Many of those weapons, she said, were never recovered.
Laying down the guns
As Nelson Mandela, South Africa's first black president, took office in 1994, there was a tremendous desire to put the guns down.
"There was a national feeling that we had lived under the gun for so many years during apartheid, and we had to do something to signal that beginning anew was possible," said Claire Taylor, the non-profit's spokesperson.
Taylor was personally motivated to act. At the time, one of her closest friends was shot to death during a break-in.
Among the law's rigors: Before it was enacted, 16 was the minimum age to own a gun; today it's 21. To apply for a gun, you have to take competency tests, akin to a driver's license test, which demonstrates that not only can you shoot straight, but that you also know the law and how to store your firearm safely.
Next, law enforcement conducts a background check that runs an applicant's criminal history and also tries to assess whether the applicant has a propensity for violence, may be mentally ill or suffers from an addiction that might cloud their judgment. An applicant must give references whom the authorities will interview, including relatives and a spouse, if that's possible, Taylor said.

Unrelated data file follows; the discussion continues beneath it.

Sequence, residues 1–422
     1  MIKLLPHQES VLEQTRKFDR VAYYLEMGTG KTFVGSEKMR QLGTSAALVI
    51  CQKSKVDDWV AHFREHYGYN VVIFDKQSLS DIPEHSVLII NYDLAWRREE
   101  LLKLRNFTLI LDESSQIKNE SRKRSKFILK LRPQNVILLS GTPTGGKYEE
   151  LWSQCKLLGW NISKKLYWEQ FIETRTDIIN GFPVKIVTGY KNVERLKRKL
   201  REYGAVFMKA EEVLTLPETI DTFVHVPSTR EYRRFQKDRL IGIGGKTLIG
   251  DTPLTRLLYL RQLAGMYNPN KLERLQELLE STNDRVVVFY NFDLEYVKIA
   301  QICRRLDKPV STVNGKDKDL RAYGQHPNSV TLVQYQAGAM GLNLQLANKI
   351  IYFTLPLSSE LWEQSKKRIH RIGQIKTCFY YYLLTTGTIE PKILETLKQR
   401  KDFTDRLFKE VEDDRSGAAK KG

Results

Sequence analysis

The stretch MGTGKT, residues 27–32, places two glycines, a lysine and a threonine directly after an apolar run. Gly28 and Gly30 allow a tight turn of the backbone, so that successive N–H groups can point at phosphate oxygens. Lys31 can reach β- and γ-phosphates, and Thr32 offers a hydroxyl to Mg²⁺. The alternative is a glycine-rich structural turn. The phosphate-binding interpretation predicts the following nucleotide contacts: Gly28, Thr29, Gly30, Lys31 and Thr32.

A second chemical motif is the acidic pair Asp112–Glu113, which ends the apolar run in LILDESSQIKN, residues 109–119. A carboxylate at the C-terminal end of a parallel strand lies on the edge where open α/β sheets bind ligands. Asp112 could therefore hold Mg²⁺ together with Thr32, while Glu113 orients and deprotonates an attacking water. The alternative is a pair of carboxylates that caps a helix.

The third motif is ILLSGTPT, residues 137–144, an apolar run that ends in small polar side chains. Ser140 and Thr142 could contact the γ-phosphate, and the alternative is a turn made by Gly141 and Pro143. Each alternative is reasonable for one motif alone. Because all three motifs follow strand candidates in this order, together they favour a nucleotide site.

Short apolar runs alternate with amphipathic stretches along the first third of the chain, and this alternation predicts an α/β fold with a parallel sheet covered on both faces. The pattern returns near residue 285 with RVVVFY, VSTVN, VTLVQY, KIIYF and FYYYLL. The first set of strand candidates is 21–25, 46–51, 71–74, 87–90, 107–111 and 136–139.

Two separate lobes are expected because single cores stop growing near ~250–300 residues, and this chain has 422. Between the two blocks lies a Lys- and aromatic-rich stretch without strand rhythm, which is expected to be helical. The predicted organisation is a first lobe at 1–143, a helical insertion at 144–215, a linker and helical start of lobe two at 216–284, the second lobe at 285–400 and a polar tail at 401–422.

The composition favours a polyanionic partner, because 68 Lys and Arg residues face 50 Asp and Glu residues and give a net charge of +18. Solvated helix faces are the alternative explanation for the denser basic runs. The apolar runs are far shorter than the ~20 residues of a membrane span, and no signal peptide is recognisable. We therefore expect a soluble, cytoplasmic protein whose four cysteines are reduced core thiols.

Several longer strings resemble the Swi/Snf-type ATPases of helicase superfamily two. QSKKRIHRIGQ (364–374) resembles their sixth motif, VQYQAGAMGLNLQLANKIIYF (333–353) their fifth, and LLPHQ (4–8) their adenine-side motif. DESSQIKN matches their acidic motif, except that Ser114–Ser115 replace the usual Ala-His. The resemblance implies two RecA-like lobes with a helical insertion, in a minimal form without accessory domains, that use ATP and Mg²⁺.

Authorities go a step further, checking medical information and digging into any instances of domestic violence or employment issues.
Once licensed, gun owners must reapply and requalify for their licenses every two to 10 years.
South African law also helps ensure that only one gun per person is approved. If someone is a sport shooter or has a reason that for needing to own more than one gun, he must file a separate application and explain, Taylor said.
The law isn't a fix-all